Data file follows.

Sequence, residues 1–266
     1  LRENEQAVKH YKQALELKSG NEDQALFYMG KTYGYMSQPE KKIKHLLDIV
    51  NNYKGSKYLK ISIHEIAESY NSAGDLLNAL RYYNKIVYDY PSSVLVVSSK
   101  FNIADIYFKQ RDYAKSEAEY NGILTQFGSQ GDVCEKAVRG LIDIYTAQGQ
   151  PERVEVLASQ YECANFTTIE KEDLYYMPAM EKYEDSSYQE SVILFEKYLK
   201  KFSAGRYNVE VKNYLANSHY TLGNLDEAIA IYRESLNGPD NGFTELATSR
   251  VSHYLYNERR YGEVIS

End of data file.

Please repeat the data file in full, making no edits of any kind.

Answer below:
Sequence, residues 1–266
     1  LRENEQAVKH YKQALELKSG NEDQALFYMG KTYGYMSQPE KKIKHLLDIV
    51  NNYKGSKYLK ISIHEIAESY NSAGDLLNAL RYYNKIVYDY PSSVLVVSSK
   101  FNIADIYFKQ RDYAKSEAEY NGILTQFGSQ GDVCEKAVRG LIDIYTAQGQ
   151  PERVEVLASQ YECANFTTIE KEDLYYMPAM EKYEDSSYQE SVILFEKYLK
   201  KFSAGRYNVE VKNYLANSHY TLGNLDEAIA IYRESLNGPD NGFTELATSR
   251  VSHYLYNERR YGEVIS